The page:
But no, not at all, but quite otherwise. There's a big change here, assuming this PER gets past the W3C membership vote and becomes a full W3C Recommendation. There's something happening here, and what it is is eminently clear.

Justice is coming at last to XML 1.0.

For a long time, the characters used in the markup of an XML document -- element names, attribute names, processing instruction targets, and so on -- have been limited to those that were allowed in Unicode 2.0, which was issued in July 1996. If you wanted your element names in English, or French, or Arabic, or Hindi, or Mandarin Chinese, all was good. But if you wanted them in the national languages of Sri Lanka, or Eritrea, or Cambodia, or in Cantonese Chinese, to say nothing of lots and lots of minority languages, you were simply out of luck -- forever.

Not fair, people.

I tried fixing this the right way, by pushing the XML Core WG of the W3C to issue XML 1.1. It acquired some additional cruft along the way, some good, some in hindsight bad. It was roundly booed and even more roundly ignored. In particular, at least one 800-pound gorilla voted against it at W3C and refused to implement it.

Now it's being done the wrong way. We are simply extending the set of legal name characters to almost every Unicode character, relying on document authors and schema authors not to be idiots about it. Is that an incompatible change to XML 1.0 well-formedness? Hell yes. Is any existing XML 1.0 document going to become not well-formed? Hell no. We learned our lesson on that one.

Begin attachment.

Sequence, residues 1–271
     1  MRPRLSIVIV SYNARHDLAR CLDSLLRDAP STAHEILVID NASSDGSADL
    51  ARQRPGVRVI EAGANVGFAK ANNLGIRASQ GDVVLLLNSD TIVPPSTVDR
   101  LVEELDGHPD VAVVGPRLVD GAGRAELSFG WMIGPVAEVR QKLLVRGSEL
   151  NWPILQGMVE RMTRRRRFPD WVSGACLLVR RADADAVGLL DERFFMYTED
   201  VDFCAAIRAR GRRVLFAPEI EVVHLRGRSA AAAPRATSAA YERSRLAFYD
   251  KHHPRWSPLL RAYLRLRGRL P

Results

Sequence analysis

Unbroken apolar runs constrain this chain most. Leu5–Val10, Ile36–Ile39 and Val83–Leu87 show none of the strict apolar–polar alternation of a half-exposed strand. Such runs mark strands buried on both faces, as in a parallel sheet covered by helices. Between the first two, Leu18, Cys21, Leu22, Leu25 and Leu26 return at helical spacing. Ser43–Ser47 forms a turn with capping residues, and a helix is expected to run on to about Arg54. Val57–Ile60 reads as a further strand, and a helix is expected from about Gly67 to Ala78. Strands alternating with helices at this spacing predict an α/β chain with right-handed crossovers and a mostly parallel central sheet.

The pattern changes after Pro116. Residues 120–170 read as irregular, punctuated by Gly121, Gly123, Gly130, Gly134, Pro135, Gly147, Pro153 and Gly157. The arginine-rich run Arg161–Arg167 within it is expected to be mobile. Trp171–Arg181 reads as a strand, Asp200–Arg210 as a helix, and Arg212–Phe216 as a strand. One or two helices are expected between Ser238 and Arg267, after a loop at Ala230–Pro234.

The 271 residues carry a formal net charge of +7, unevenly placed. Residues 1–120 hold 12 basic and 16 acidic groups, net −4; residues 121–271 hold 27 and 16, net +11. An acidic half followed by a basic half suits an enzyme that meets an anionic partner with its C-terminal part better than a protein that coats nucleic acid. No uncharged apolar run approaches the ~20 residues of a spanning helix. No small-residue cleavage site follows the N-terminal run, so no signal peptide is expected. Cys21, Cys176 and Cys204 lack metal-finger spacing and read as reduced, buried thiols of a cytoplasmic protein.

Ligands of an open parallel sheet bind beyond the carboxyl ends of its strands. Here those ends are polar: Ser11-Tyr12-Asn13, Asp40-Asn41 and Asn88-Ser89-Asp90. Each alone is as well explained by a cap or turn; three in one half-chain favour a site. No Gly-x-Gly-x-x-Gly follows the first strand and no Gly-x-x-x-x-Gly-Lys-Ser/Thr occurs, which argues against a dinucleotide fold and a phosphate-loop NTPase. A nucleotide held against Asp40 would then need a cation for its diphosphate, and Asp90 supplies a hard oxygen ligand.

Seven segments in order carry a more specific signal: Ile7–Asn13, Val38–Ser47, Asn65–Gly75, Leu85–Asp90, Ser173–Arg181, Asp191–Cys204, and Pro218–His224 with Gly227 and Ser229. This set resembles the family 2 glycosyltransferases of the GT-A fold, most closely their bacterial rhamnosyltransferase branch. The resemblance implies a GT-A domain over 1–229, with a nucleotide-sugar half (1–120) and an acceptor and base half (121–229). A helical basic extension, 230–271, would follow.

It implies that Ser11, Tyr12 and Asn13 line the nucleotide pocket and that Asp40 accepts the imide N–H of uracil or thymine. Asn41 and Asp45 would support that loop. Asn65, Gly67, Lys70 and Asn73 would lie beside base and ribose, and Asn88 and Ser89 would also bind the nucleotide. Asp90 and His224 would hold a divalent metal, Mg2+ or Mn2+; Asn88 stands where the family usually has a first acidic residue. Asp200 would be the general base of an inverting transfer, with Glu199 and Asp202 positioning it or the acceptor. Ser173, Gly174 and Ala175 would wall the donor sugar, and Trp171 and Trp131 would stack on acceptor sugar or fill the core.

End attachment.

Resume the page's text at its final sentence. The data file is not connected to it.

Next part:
Who supports this? I won't name names, but XML parser authors and distributors from gorillas to gibbons have been consulted in advance this time, and there are no screaming objections. Some will probably provide an option to turn Fifth Edition support on, others will turn it on by default. Unlike XML 1.1 support, this is actually a simplification: the big table of legal characters in Appendix B just isn't needed any more.

"Hot diggity (or however you say that in Amharic). When can I start using this?" Not so fast. First the W3C has to vote it in -- if they don't, all bets are off. Then implementations have to spread through the XML ecosystem, including not only development but deployment. It'll take years. But it only has to be done once, for all the writing systems that aren't in Unicode yet will all Just Work when they do get implemented.

Ask not what you can do for XML, but what XML can do for you.

It's morning in the world.

(Oh yes: Send comments before 16 May 2008 to xml-editor@w3.org.)

Justice at last

There was an old man from Nantucket
Who kept all his cash in a bucket.
   But his daughter Nan
   Ran away with a man
And as for the bucket, Nantucket.

The pair of them went to Manhasset,
The man and his Nan with the asset.
   Pa followed them there
   But they left in a tear
And as for the asset, Manhasset.

He followed them next to Pawtucket,
Nan and her man and the bucket.
   Pa said to the man,
   "You can keep my sweet Nan",
But as for the bucket, Pawtucket.

(This works best if you pronounce "Pa" as "paw", assuming you make any difference between the two -- in New England, there definitely is. If your "aw" sounds like "ah", you can hear the "aw" sound the rest of us use by saying "Awwwwwwwwww!")

Here's the trio's route:
   note the doubling back
      to avoid pursuit.